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A Guide to Walking Meditation

Zen and the Art of Multitasking

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Walking Meditation #2: Focus on the Six Sensations
The second way to practice walking meditation is similar to the first, with a slight variation in focus. Once you've mastered the first technique, you'll be ready for a little more challenge. You focus only on the sensations of your feet, noticing the pattern of lifting, pushing, and dropping of your feet as you walk. Eventually you will notice all six of the components of walking—raising, lifting, pushing, dropping, touching, and pressing. As you walk, you will notice that your mind will inevitably wander from this focus. The skill you work to develop is to refocus your awareness to the sensations of your feet, observing each component, each time it takes place. You can even chant the components softly as you walk. Obviously, a walking meditation beginner would probably not be able to power walk, as the goal of walking meditation is to calm the mind, not send it spinning.

Walking Meditation #2: Focus on the Four Foundations
The third way to practice walking meditation is a little more complicated than the previous two, as there are several steps to follow:

To begin, stand solidly on the ground. Spend a minute or two taking note of how your body feels, and what mental state you are experiencing. As you begin your walk, practice focusing on each of the following four foundations, one at a time:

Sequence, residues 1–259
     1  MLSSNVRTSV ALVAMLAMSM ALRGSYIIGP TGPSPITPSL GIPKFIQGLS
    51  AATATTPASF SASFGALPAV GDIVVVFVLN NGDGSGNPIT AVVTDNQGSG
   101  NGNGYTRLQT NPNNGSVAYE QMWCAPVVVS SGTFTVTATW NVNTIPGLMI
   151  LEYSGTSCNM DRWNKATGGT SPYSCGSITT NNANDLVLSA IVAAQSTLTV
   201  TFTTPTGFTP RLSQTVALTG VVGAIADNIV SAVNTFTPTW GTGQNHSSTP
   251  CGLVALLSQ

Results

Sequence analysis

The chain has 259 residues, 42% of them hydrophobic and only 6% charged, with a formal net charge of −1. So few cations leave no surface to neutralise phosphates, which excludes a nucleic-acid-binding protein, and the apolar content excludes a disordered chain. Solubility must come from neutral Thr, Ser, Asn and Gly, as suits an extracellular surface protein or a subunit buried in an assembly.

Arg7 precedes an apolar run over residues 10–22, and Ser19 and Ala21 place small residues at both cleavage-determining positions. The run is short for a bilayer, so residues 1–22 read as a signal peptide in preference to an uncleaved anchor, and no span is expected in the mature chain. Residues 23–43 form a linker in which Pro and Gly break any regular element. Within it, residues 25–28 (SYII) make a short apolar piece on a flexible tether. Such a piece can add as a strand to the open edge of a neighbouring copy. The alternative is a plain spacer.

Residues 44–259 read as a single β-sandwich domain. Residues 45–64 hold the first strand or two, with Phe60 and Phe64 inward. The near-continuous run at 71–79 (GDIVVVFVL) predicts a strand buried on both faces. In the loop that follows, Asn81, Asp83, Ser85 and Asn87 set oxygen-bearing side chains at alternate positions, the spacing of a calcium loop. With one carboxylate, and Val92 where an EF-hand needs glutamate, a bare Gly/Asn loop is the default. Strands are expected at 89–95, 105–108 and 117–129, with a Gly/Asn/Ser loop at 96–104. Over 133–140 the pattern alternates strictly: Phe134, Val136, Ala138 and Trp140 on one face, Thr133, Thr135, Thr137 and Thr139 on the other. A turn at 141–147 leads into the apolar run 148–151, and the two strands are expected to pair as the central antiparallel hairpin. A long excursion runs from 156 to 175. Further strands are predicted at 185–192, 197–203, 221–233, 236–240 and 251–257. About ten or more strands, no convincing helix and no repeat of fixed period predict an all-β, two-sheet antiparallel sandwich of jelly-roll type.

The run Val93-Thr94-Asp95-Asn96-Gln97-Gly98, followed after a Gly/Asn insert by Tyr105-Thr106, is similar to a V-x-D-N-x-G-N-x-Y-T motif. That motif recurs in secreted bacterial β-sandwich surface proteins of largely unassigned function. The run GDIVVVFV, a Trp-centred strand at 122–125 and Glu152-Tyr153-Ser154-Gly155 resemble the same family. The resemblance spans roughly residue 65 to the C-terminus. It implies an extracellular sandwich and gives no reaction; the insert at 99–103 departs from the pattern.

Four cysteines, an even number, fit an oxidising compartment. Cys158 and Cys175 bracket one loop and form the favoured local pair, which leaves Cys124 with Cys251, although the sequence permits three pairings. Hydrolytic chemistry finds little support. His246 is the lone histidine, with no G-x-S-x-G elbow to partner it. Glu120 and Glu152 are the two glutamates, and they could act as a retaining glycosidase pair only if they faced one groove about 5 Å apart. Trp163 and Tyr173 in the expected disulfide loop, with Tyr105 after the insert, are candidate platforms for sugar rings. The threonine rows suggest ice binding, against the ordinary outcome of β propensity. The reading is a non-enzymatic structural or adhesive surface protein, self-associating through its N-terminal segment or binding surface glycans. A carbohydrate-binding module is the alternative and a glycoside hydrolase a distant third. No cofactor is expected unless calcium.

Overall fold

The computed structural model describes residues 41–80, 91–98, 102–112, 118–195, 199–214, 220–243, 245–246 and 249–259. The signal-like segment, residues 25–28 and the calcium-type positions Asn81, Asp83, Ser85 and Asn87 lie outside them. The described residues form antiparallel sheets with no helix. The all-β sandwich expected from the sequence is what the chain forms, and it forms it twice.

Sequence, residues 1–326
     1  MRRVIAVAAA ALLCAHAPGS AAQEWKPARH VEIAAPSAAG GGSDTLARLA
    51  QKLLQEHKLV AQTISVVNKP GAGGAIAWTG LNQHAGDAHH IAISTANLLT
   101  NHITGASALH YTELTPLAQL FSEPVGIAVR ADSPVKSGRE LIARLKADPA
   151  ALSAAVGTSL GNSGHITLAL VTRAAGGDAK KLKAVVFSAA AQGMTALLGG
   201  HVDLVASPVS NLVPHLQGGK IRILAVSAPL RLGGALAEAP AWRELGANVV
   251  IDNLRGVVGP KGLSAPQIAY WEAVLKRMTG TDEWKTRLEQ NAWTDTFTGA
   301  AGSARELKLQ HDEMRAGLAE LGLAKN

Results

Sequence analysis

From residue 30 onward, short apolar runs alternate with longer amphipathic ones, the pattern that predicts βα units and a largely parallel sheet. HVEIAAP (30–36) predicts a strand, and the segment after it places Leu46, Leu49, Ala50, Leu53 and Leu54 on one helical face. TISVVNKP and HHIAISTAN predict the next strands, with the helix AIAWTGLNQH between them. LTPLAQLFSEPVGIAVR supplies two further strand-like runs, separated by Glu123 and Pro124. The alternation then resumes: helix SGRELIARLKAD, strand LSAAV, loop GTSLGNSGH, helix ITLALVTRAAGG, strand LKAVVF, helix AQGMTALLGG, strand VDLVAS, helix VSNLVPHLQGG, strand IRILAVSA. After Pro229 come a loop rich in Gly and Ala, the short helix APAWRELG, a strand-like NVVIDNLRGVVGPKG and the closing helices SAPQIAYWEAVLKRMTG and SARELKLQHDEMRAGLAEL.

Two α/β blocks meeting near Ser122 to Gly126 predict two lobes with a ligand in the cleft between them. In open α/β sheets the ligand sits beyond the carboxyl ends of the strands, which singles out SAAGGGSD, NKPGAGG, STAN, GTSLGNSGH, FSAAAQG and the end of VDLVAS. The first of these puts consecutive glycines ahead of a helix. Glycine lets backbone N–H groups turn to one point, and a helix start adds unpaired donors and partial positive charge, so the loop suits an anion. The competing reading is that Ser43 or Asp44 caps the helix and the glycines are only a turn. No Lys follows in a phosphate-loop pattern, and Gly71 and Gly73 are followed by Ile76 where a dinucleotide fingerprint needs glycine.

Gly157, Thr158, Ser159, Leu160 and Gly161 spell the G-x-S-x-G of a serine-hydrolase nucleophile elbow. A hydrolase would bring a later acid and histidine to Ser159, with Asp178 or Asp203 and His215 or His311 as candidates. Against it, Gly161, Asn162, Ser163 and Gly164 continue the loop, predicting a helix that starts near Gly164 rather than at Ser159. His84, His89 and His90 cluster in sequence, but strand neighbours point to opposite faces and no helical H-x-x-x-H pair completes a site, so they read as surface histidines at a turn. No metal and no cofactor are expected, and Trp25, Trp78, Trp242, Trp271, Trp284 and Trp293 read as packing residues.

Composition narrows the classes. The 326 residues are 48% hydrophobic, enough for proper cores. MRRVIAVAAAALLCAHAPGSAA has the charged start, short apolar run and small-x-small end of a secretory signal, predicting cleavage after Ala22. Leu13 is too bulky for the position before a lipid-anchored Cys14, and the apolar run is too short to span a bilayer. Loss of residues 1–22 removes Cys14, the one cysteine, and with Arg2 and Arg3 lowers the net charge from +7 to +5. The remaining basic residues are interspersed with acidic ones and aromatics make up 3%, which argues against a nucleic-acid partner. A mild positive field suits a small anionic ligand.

• Physical sensations. How does each part of your body feel? Start with the soles of your feet, and progress upward, relaxing each body part as you become aware of it. The point is not to think about why your shoulders are tense (let those thoughts go) but to simply relax them.
  • Feelings. A feeling is your initial reaction to a sensation. When you hear a song on the radio that you don't like, your feeling is dislike or displeasure, for example. A feeling usually leads to an emotional response (in this example, anger or annoyance). Learning to separate your emotions from their feelings is a powerful tool. This foundation can help you to develop the power to observe a feeling for what it is, and eventually maintain more control over your emotional reaction to it.
  • Mental and emotional states. Notice your state of mind. Is it calm or busy, cloudy or focused? Also notice your emotions as you experience them. Anger if someone comes too close while passing you, anxiety if you think of a huge project you need to finish, happiness at the sight of a puppy. Becoming aware of your present mental and emotional states strengthens your ability to be in and focus on the moment.
  • Objects of consciousness. Inevitably, random thoughts will surface as you are trying to clear your mind and focus on these foundations. As you become aware of your emotions and thoughts, try to sort them into categories—thoughts to keep and thoughts to toss. Realize which thoughts lead to negative emotions and which lead to positive ones.
Slowly ease out of the practice by allowing yourself to notice your surroundings, such as grass, trees, sky, chirping birds, and the sun on your face. To end the practice, gradually come to a stop, and become aware of the feeling of standing still again. Notice how you feel now, compared to how you felt when you started. Take your newfound awareness and calm with you for the rest of your day. Because this technique is more complex than the first two, you may wish to be guided through it. You can purchase a meditation CD (WildMind.org is a great resource) that will guide you through each foundation, including beginning and ending the practice.
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About The Author

Liza Barnes Liza Barnes
Liza has two bachelor's degrees: one in health promotion and education and a second in nursing. A registered nurse and mother, regular exercise and cooking are top priorities for her. See all of Liza's articles.

Member Comments

  • I have done this before. It is good to start out this way because it gets you to listen to your body. I used it to learn how to properly jog without hurting my back or calves too much and use my whole leg in proper motion. Once that becomes "muscle memory" than you can enjoy your surroundings :) - 5/29/2015 6:08:32 PM